An Interview with Eleni Sikelianos
Elshtain, Eric P., Chicago Review
"The extrication of self is the politic of perception" --Christopher Dewdney "[C]osmic rhythm ... since the beginning of the human race, has imbued mankind with the unconscious belief that to move with the sun is positive, and to move against it is negative, one direction expressing order, the other disorder. We gave up sun worship a long time ago and we have lost the habit of associating the points of the compass with magic qualities, colors and virtues." --Claude Levi-Strauss
This conversation took place over several months, clearly in the midst of the author writing some poems she describes and not-so-clearly in the midst of some serious geo-political matters. The emphases here on self and memory, on finding the right words, and on social forces, make it clear that on a certain level Sikelianos is a political poet engaged in an examination of those forces that attempt to socialize everything and in a celebration of those things that resist those forces: animals, plants, the cosmos, some aspects of the physical and mental self. This conversation can be read as a continuation of the poet's bookwork: perhaps this thing itself is a poem titled "An Interview with Eleni Sikelianos."
Sikelianos was raised in California and received her MFA in Poetry from the Naropa Institute (now Naropa University) in Boulder, Colorado, where she currently teaches. She has also been a guest poet at the University of Denver since 2001. She is the author of several books and chapbooks, including The Monster Lives of Boys & Girls (Green Integer 2003), Earliest Worlds (Coffee House 2001, which includes two books, Blue Guide and Of Sun, Of Seeing, Of History), The Book of Tendons (Post-Apollo Press 1997), and To Speak While Dreaming (Selva Editions 1993). Two more books, The California Poem (Coffee House Press) and The Book of Jon (City Lights) are due out in 2004.
Why suspend the grammatical subject?
Perhaps akin to my feelings of suspension in this strange world, or the inability to put a finger on a "self" or anything else for that matter. An expression of my shifting world? Even objects seem to have mobile identities. But also perhaps this allows everything to link up, without being caught in category, constraints. I suppose it allows me to shift perspectives, allegiances (since I can never make up my mind, and once I do, often cannot remember which way I made it).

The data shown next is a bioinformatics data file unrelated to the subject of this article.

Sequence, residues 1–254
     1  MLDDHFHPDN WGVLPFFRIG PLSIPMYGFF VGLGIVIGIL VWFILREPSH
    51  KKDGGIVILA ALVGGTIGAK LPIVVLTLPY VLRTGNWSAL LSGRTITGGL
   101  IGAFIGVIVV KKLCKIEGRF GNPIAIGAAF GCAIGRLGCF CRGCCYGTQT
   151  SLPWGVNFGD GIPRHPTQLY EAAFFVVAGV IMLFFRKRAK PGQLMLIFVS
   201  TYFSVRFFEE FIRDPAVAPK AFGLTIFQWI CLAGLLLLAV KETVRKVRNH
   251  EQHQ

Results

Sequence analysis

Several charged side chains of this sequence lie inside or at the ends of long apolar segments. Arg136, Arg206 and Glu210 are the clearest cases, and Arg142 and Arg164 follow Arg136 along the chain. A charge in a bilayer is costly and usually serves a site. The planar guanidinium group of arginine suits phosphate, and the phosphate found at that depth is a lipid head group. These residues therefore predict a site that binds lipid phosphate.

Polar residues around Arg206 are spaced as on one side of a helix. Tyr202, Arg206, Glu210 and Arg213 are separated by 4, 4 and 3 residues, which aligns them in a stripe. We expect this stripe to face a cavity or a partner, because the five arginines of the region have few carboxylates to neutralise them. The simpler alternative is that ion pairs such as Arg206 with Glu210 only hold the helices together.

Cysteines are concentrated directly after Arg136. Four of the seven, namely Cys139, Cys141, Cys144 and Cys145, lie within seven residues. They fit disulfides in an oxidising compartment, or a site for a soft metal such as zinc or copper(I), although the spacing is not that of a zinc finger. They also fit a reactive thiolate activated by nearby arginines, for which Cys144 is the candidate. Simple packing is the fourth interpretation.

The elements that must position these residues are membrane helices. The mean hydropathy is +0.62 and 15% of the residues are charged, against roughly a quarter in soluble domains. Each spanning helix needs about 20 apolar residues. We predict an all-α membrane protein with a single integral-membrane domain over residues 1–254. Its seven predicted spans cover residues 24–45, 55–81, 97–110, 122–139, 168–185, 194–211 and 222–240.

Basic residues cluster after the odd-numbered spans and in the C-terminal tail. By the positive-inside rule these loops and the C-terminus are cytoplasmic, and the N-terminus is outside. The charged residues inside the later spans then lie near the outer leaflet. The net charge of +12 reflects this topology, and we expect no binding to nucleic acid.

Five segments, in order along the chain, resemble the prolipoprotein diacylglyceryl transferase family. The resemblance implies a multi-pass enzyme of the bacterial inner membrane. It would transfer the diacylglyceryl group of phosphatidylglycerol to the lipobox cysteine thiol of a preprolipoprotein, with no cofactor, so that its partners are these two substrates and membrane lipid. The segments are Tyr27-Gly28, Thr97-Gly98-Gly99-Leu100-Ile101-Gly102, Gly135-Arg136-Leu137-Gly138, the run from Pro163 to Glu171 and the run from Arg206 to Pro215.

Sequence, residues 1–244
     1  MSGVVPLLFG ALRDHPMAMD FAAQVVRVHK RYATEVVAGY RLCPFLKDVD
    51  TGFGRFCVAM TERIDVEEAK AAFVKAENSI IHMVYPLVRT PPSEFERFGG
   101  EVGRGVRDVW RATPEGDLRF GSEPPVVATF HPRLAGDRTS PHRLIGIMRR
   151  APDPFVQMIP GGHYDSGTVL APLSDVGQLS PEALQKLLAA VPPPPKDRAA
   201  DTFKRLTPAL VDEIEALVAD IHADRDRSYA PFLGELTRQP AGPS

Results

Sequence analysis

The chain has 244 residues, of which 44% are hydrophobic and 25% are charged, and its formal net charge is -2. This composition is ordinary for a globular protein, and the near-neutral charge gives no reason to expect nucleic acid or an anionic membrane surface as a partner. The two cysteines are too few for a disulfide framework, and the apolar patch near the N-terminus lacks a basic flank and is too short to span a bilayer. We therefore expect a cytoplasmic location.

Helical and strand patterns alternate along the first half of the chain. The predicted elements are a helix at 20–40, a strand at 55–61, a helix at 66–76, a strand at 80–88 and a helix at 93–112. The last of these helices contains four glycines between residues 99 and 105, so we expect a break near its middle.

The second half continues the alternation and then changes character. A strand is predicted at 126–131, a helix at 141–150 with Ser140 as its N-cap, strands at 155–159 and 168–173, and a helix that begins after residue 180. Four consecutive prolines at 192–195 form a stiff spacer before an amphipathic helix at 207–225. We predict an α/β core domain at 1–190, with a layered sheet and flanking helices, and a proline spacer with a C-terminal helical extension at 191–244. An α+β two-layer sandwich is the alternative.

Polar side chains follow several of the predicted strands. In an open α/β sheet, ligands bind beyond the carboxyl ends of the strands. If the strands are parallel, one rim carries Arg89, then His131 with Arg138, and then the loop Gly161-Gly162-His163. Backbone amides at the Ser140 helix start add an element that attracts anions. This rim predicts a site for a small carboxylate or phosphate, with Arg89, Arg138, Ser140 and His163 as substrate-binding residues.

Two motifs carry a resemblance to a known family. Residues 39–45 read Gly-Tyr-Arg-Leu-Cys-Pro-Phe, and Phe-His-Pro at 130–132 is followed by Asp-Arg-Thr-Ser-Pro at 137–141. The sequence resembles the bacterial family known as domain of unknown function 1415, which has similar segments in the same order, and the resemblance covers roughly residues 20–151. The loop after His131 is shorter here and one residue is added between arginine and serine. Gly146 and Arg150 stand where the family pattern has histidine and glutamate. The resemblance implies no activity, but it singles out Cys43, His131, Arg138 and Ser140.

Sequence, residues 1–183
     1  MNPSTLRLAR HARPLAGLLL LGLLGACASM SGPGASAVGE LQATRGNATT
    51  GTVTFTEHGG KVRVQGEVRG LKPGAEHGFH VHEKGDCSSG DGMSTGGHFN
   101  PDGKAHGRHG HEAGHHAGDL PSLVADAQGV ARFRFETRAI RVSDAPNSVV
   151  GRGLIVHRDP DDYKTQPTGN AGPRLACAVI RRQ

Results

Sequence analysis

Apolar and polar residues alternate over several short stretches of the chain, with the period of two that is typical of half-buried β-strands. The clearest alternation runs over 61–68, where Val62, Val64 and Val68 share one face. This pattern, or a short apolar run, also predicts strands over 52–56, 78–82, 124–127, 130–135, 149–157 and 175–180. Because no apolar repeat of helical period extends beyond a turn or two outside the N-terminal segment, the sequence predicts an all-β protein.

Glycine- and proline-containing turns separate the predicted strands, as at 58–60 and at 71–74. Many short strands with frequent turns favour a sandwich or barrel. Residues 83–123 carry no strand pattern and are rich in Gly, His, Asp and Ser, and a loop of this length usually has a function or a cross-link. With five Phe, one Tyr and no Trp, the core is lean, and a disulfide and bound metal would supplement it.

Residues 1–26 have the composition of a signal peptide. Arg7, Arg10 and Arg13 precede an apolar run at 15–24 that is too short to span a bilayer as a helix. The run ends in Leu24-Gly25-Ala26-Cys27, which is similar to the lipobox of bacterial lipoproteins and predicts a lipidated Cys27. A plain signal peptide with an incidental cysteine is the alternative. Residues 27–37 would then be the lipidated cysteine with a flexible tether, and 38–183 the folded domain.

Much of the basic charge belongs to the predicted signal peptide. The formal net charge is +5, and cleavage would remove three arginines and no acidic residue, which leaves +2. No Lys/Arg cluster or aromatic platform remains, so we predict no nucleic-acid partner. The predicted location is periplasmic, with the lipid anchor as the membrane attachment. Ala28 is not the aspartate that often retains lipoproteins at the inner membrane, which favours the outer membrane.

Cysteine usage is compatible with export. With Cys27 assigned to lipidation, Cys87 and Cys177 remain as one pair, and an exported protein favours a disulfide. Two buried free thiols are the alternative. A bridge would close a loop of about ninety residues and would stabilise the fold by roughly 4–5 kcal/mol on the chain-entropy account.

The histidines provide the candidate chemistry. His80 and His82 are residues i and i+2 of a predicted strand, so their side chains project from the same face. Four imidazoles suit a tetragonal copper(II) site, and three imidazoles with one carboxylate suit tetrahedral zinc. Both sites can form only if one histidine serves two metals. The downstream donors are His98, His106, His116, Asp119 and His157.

How then do you regard roots (familial and artistic) and the self (familial and artistic)? I'm thinking here of "Summer at St.-Nazaire" (A*Bacus #151), especially this stanza:
They have built me the salt houses of Britanny, salt has made me a country, Celtic and white. Dame Madame of the room and the moon, creamer and inheritor of Breton spit in the sea. The way to show someone you love him is to burn time. I can't stop to not think of the necessity of making plans right down in the water where the power is
Specific to "Summer at St.-Nazaire"--there's a definite mask, a character who is me/not-me being created for the poem, triggered, in this case by being in a foreign land, in a foreign language, foreign culture, where I can lose (or at least shift) what little sense of self I might have. What went into the "I" of the poem includes a recurring dream I had as a child of an abandoned pale seaside town littered with broken shells, and an eerie deja-vu that the very average city of St.-Nazaire evoked; the ghostly presence of the man who had stayed in the apartment before me (hairs in the soap, wind-banged doors); bizarre luncheons with the mayor replete with cigars; long, silence-filled days; and an opportunity to inhabit all the characters any of those might evoke.
In a number of works, I am not so interested in memory/specific self. Many of the poems in Earliest Worlds (2001), say, have little business with particular self/memory. …